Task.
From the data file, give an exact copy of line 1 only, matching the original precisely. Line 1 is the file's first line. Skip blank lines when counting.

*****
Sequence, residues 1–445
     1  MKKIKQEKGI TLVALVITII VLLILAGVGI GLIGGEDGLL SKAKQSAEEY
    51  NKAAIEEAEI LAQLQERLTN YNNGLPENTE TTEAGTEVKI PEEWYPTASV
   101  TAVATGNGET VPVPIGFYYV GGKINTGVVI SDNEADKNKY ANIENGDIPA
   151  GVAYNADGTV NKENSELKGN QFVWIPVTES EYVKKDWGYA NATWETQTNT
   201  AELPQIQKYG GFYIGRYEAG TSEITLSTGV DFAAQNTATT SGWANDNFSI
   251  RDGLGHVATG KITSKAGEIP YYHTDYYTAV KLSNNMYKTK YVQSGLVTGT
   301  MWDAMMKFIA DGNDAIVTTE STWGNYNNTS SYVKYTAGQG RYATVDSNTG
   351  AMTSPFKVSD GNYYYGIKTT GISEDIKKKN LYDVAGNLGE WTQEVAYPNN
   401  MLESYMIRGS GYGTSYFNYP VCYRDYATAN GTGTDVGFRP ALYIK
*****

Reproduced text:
Sequence, residues 1–445